The ways I wish things had gone differently before we got to this late hour.
Little things are part of this: my youngest pulling his sweatshirt over his face, refusing to stand to sing. The plastic holders fitted with the candles for "Silent Night" falling on the floor once, twice, again, again.
And there are big things: those deep troubles of every marriage, every parent and child, every church, every heart. Those things I would never make your business by writing them down. I buzz with frustration and finitude.
And I'm still trembling at the nearness of the holy.
The ritual is of the carols and the night, of the flame passed hand to hand until the whole church and every face glows. The ritual is enough to do its work.
It's old; undergirded by a lifetime of "Silent Nights," candles lit.
Intensified by the pandemic years that passed without candles in congregation.
Behind that, backed by the days when my cynical teens were wonder-filled toddlers, caught like moths in the holy flames.
One warbling voice tries for the same descanted glory that will awe the choirs of eternity. Whether she makes it or not doesn't matter.
It's old; the carol long predating us, the story eternal.
And it's new.
Tonight's specific annoyances are new.
The unexpected fact that those annoyances are once again to be caught up into the presence of the holy God and bathed in holy love?
It's new. New creation breaking in.
Silent night! Holy night! Wondrous star, lend thy light; with the angels let us sing "Alleluia" to our King: Christ the Savior is born!
And that old-new is enough to let us glimpse how thin is the veil is that separates us from utter glory.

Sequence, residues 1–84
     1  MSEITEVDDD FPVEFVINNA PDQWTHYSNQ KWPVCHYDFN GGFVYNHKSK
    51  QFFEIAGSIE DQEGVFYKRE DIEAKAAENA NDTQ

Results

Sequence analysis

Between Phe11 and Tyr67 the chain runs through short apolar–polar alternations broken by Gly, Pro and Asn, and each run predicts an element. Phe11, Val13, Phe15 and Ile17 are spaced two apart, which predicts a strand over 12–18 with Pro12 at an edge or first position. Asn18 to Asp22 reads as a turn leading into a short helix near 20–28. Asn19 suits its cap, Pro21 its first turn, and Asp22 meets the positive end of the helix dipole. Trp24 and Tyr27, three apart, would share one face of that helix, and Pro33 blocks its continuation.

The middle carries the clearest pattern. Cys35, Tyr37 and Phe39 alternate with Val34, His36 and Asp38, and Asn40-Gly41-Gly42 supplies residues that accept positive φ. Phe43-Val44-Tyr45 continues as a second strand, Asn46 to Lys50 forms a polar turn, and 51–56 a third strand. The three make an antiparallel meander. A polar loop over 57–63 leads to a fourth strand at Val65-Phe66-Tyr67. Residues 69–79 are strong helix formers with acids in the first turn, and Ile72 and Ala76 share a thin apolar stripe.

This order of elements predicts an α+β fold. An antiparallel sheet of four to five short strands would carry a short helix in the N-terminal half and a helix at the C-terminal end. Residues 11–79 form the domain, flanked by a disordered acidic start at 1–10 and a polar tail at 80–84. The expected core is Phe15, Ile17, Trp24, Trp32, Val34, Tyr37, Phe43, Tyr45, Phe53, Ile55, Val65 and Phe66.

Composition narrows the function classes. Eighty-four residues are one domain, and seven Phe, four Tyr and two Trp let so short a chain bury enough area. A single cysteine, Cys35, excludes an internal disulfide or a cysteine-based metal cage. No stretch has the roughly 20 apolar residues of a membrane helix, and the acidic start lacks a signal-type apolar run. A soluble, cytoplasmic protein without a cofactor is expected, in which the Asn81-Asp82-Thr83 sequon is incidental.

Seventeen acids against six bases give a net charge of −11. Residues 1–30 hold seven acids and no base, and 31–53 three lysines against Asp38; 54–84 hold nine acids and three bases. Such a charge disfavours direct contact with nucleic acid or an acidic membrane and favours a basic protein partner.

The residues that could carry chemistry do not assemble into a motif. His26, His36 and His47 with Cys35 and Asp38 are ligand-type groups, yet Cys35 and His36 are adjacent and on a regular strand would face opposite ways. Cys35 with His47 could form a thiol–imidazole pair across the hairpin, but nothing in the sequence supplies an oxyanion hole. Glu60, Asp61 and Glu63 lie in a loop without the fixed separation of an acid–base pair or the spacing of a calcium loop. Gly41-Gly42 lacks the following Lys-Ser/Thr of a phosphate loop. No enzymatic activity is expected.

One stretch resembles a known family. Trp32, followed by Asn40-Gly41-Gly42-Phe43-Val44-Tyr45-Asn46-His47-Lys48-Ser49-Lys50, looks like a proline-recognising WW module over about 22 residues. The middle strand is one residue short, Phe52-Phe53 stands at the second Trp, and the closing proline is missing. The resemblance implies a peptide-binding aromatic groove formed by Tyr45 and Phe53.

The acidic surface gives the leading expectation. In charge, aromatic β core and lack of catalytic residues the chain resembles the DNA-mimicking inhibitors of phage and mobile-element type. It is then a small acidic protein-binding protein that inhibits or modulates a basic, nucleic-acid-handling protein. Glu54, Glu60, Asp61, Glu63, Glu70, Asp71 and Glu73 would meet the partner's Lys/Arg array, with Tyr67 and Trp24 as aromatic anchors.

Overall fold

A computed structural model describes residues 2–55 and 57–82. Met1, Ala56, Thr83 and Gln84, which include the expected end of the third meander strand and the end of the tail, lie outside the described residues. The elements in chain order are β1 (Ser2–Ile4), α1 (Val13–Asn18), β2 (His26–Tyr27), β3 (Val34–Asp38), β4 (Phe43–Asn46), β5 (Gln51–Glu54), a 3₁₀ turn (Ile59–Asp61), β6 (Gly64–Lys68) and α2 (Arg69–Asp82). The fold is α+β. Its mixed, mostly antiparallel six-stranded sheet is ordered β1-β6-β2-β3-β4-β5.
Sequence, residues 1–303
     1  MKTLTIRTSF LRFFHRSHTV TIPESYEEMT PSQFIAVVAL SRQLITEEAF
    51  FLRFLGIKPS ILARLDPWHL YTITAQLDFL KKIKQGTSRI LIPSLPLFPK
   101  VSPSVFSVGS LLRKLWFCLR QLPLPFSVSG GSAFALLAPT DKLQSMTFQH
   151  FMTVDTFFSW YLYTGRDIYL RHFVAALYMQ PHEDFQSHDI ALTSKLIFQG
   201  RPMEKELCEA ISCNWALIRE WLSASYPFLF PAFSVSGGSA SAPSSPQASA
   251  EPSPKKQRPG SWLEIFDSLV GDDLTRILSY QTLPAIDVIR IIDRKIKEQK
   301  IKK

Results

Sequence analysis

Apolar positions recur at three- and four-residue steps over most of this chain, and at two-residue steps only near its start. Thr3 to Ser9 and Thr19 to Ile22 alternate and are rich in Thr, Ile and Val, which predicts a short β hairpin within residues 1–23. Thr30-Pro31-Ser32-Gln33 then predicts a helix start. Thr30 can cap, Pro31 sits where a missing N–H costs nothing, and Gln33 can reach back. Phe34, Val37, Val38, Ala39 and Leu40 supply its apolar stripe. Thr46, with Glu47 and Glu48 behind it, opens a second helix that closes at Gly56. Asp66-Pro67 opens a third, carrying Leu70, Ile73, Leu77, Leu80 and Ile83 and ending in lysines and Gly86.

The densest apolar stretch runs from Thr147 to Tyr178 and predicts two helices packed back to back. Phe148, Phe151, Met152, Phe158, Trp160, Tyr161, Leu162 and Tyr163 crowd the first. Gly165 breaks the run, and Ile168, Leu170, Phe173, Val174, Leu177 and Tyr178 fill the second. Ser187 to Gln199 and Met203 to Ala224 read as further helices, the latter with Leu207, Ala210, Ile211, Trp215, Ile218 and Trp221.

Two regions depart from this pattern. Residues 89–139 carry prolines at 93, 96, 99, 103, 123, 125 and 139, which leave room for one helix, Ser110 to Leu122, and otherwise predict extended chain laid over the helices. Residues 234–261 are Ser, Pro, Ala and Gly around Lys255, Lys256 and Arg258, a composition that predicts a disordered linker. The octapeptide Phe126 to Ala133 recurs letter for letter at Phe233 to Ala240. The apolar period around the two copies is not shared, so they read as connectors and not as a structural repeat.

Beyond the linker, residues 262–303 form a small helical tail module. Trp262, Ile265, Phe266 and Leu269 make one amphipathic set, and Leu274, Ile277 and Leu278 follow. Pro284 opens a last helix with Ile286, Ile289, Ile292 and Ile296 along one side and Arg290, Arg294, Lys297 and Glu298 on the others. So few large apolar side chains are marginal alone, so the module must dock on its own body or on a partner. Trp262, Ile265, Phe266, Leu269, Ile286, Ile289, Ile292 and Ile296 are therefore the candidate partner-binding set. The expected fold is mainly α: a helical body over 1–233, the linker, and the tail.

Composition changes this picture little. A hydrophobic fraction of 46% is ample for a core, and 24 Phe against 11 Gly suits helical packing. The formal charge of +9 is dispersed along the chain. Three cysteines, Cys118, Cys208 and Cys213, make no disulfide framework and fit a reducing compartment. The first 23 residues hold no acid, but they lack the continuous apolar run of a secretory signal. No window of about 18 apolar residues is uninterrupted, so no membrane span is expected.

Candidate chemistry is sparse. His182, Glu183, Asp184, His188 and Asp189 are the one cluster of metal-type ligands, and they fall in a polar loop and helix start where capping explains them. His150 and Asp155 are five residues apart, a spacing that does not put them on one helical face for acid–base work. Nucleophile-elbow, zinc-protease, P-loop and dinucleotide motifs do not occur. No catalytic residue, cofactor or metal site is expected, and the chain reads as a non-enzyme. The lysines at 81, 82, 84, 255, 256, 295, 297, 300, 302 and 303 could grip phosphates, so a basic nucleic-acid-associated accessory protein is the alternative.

That veil is not between us and God.
Tinsel and gold.
Anger and worship.
That veil is just that which lets us forget that God is
in the tinsel and the anger. Right here with us in the heartbreaking ordinary.
And the candled light, for a song's length at least, undoes our forgetting.
Incarnation isn't God letting us out of the ordinary and into glory. It's the truth that ordinary is glory because God is here with us.
God embraces our flesh.
God made the ordinary. Loves the ordinary. Is bringing the ordinary into the kingdom that is glory all round.
Love holds our petty, restless anger, and love holds our deepest sorrow. It invites us to bring them to the Son of God.
Because Jesus isn't partly human and partly divine. He's all of God and all of us, in the one little person whose head Mary kissed as she held him close and inhaled his impossible, earthy newborn smell.
He's completely God and completely human.
Fully able to handle all our pain as only God can do.
Fully here with us, in that pain, so that we know how much he loves us. God and human in body and soul.
Glories stream from heaven.
Alleluia. Come Lord Jesus.
To you, O Christ, Word of the Father,
we offer our lowly prayers and humble thanks;
for love of our human race
you most wonderfully chose to be born of Mary,
and to take our nature as nevermore to lay it by;
so that we might be born again by your Spirit
and restored in the image of God;
to whom, one blessed Trinity,
be given all honour, might, majesty and power,
now and for ever (Book of Common Prayer).